How would you promote an enterprise that lacks a defined title or brand

In considering these questions, it doesn't take long to realize that a business name plays a huge role in letting the world know you exist. A business name is a constant touchstone, connecting your purpose with the public you serve.
Comparing Then to Now...

Naming a business in the year 2007 requires more know-how and awareness than ever before. No longer is it as simple as putting a family name on your office door or store front. Nor can you count on a blend of your first name and service description to do the trick on a business card. Sure, the likes of Henry Ford, Marshall Field and Montgomery Ward, didn't have to invest much thought or money into a unique brand. In their time, few people had the resources or know-how to start their own businesses and if they did, professional identity was considered synonomous with the family or individual that stood behind the company. In other words, naming was a no-brainer. When driving down Main Street in any town across America in past decades, you'd see a bevy of business names like Joe's Plumbing, Gloria's Boutique, McAllister Legal Services or Smith & Sons Jewelers. Back then, little thought or consideration was given to the process of business naming, since it was enough to be descriptive while identifying ownership.

We entered a new millenium, and corporate America was undergoing some big changes. Large companies reorganized, leaving many employees, who thought they had security, suddenly without a future. As giant conglomerates rescued sinking ships from imminent bankruptcy, many companies and corporations spent thousands (and sometimes millions) developing catchy, unique titles and logos to give themselves and their offshoot divisions an edge. And some of those folks facing premature retirement, decided to grab for financial freedom by giving the business world a try. Every day over the past several years, hundreds of small companies are popping up everywhere with hopeful entrepreneurs seeking to outdo growing competition with unique ideas or the best deals. The internet is now a permanent presence as an important means of marketing. With the rapid evolution of the world of business, the process of naming a professional enterprise has become more complex than ever.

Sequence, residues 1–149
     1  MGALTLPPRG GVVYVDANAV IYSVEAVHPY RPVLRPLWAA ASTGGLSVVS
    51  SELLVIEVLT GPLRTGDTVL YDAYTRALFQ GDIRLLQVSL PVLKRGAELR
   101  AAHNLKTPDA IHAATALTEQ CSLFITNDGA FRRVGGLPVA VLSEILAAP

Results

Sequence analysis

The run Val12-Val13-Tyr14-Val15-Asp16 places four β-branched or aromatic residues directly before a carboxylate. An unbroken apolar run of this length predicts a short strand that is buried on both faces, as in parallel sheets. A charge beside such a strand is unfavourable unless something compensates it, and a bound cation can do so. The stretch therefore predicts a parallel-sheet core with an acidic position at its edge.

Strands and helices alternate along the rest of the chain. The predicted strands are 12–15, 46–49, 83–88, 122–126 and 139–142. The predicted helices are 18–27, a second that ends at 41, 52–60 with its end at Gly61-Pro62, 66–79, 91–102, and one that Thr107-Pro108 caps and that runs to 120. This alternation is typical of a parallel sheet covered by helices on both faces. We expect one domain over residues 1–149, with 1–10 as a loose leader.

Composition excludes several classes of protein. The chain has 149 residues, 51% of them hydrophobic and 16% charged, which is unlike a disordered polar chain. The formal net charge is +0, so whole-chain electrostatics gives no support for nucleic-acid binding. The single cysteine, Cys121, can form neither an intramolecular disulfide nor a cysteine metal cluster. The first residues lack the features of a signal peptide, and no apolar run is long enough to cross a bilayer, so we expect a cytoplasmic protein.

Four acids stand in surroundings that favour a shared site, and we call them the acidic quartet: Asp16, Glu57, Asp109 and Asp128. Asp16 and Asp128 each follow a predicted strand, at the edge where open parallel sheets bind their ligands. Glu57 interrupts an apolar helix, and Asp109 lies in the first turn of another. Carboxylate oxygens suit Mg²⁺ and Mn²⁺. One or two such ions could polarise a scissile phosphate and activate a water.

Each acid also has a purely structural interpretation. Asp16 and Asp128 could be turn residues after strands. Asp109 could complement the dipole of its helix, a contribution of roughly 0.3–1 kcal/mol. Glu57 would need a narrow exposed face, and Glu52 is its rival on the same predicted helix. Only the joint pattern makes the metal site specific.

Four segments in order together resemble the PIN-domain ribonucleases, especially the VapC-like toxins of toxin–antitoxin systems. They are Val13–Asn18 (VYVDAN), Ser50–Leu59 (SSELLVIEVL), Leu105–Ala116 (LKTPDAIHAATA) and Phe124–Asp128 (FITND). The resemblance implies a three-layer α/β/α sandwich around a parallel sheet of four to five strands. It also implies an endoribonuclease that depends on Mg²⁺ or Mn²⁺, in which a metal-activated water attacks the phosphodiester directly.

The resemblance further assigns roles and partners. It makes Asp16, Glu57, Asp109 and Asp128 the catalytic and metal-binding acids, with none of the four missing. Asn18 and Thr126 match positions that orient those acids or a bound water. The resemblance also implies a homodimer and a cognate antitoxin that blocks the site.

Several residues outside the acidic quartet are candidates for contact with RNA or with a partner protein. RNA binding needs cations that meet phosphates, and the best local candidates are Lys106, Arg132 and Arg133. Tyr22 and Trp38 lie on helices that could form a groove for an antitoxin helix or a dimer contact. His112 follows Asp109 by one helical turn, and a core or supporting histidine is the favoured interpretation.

So What's Important?
So what's important to consider when naming or renaming a business today? Of course, sight and sound are at the top of the list when it comes to the key ingredients in a successful brand. If a name doesn't look good on signage... or if it's tough to say, spell or remember, there won't be a lot of staying power. Secondly, a name should provide positive or intriguing associations for the greatest percentage of the probable customer base. Just about everyone loves the imagery of a star, so Starbucks couldn't go wrong choosing that word as a primary syllable in their identity. On the other hand, a term like "slimy" or "mad" might be more challenging to integrate into a name. Suggesting a pleasant mood or actively engaging the imagination could be the means to a happy ending. For instance, the moniker of Arizona spa resort, Miraval Life in Balance soothes toward relaxation while scares those who are unemployed into action!
Sight, sound and positive association are somewhat obvious components in the process of naming, but there's an often overlooked key ingredient that can break or make a brand silently... the subliminal frequency. Yes, every word in language carries a silent vibration that is generated by the vowels and consonants present in a word pattern or equation. Just like the frequency of a color will unconsciously affect human response, so too, the frequency of a word will influence the human energy field. You may hate the color pink and never wear it, but walk into a pink room and you'll find yourself calmed into a relaxed state... like it or not. In a similar way, you'll recognize a mood of solid responsibility when you see the name IBM... and you'll somehow sense that the Ritz-Carlton is all about luxury and appealing image just by hearing the name. Although subliminal frequencies of language are hidden from the five senses, a professional nameologist can readily determine the most advantageous name vibration for a particular enterprise.